Plone update?
June 21, 2011 1:57 PM   Subscribe

I'm considering some open source CMS options for a client. I saw this previously on Plone vs Drupal -- is Plone really considered so bad still?

I'd like to cut Plone out of the running if it's as bad as it sounds in that thread, but since the thread is three years old I thought I'd ask again. Plone 4 seems to have some key requirements the client is interested in -- approval workflow, inline editing, and others.

Does anyone have experience with this?
posted by sweetkid to Computers & Internet (8 answers total) 1 user marked this as a favorite
I find Plone very slow and hard to use, zope in general seems to be it's own galaxy of inscrutable complexity.

Having said that, I would try out Pressflow (which runs or Expression Engine which is open source but subscription based, iirc.
posted by godisdad at 2:38 PM on June 21, 2011

Expression Engine is neither open source, nor subscription-based.
It's built on top of CodeIgniter(which is open source), and licensed.
posted by Su at 3:12 PM on June 21, 2011

Best answer: I have some experience of using Joomla and of using Plone.

WRT Plone I'm surprised by some of the comments in that other thread I have used it satisfactorily and happily on small scale intranet sites and never encountered a single bug (I appreciate life might be different on large production farms although I'm surprised I've never heard such comments elsewhere).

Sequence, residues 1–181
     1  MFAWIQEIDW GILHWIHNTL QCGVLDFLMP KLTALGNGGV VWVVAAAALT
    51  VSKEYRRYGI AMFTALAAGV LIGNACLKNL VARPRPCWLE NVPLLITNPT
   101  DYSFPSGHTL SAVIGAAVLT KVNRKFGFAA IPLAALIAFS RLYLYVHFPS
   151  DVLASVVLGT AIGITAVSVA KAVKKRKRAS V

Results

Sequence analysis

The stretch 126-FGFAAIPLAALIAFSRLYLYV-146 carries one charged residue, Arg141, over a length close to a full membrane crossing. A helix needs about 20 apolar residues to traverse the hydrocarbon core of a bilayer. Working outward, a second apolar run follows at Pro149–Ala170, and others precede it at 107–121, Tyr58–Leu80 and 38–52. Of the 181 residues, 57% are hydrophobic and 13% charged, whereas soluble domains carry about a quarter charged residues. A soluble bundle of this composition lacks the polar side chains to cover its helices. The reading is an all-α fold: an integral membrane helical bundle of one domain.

WRT Joomla. Again no significant problems (not terribly excited either) just good middle of the road stuff.

I think the sweet spot for Plone is when the following are true:

* the end users value the powerful workflow, access-control, Internationalization and many other features
* the end users don't wish to change the internal workings too radically
* there's no problem about supplying the necessary hardware

That's the sweet spot. You can do anything you like with it but if those three things are the case then I suspect the end user will be happier with Plone than they would be with many other solutions.

By contrast Joomla is a classic PHP based CMS. You can do anything you like with it using conventional technologies (ie RDBMS backends) but a lot of the stuff that just comes with Plone by default you might have to find add-ins for and/or roll your own and that isn't always a very satisfactory experience as time goes on.

I would contrast the two experiences to driving a hatch-back (Joomla) and a large freight truck (Plone). The hatch-back is easily mastered but is only going to be able to so much for you. The truck is not trivial to drive but if you need it's capabilities it's a beautiful machine.
posted by southof40 at 3:14 PM on June 21, 2011

Yes Plone is still considered bad. It's not to do with the language (Python is a great language) but Plone is a sluggish and ZODB (the underlying datastore) is a monster.
posted by holloway at 5:06 PM on June 21, 2011

Pressflow is Drupal, actually, and I hear its quite good. At work we use two separate Drupal implementations together in a highly custom enterprise publishing setup. Good stuff, but I have two full time engineers on my team, and couldn't do it with fewer.
posted by ben242 at 6:12 PM on June 21, 2011